HPCSA to review rules inquiry found to be anticompetitive
The council will look at the rules governing the contracts between medical professionals, in the wake of findings that its current stance stifles competition
The Health Professions Council of SA (HPCSA) is reviewing the rules governing the contracts between medical professionals, in the wake of criticism that its current stance stifles competition.
The HPCSA regulates health professionals and their conduct. Its ethical rules govern how health-care practitioners, ranging from specialists to physiotherapists, may run their practices, and any relationships they may have with other health establishments. These rules prohibit subcontracting and fee-sharing, impose restrictions on the financial interests that professionals can hold in health-care businesses and prevent private hospitals from employing doctors.
The HPCSA has previously been criticised by the Competition Commission’s Health Market Inquiry (HMI), which said it was insensitive to the benefits that increased competition could have in making health care more affordable. The inquiry is investigating the barriers to competition in the private health-care sector, and said in its interim report in 2018 that the legal restrictions created by the HPCSA’s interpretation of its ethical rules dampened potentially cost-saving innovation, particularly the rules prohibiting fee-sharing and subcontracting.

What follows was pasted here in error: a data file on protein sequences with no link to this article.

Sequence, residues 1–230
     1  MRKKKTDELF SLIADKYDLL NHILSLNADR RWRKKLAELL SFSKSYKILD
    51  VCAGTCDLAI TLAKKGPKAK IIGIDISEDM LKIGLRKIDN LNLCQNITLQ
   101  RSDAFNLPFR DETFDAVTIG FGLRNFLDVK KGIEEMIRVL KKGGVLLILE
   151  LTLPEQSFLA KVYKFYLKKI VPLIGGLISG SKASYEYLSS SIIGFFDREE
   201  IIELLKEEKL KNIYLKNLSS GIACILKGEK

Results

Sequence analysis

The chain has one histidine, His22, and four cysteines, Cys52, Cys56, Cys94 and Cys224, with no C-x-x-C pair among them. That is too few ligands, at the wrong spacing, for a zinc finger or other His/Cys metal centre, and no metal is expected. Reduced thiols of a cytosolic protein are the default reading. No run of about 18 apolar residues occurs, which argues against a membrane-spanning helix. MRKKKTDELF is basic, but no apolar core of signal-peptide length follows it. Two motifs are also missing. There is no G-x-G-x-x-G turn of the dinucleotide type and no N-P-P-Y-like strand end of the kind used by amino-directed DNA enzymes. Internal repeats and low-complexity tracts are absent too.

“We have come up with a proposal that we’ve discussed with the Competition Commission,” HPCSA registrar Raymond Billa told delegates to the Board of Healthcare Funders (BHF) annual conference on Wednesday. The BHF is an industry association for medical schemes and administrators, and its annual conference is a key gathering of players in the private health-care industry.
“The HMI says the ethical rules are stifling competition. We’ve looked at them and there is a way forward to change them and comply with the Competition [Act],” he told delegates to the conference.
The proposed changes to the rules would be discussed with stakeholders before being finalised, he said.
In response to questions from the floor, Billa said he hoped the process of revising the ethical rules would be completed by the end of the year.